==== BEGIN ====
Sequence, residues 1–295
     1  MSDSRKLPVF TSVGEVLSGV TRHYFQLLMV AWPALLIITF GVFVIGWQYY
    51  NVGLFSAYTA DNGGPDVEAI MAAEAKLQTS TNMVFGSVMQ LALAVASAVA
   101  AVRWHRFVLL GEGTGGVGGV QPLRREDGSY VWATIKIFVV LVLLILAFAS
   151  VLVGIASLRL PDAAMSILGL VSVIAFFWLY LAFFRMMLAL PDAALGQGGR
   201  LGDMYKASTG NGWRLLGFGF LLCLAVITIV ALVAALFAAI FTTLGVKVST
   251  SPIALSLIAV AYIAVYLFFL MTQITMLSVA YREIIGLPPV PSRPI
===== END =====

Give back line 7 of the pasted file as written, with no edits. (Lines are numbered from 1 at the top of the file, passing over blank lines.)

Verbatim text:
   251  SPIALSLIAV AYIAVYLFFL MTQITMLSVA YREIIGLPPV PSRPI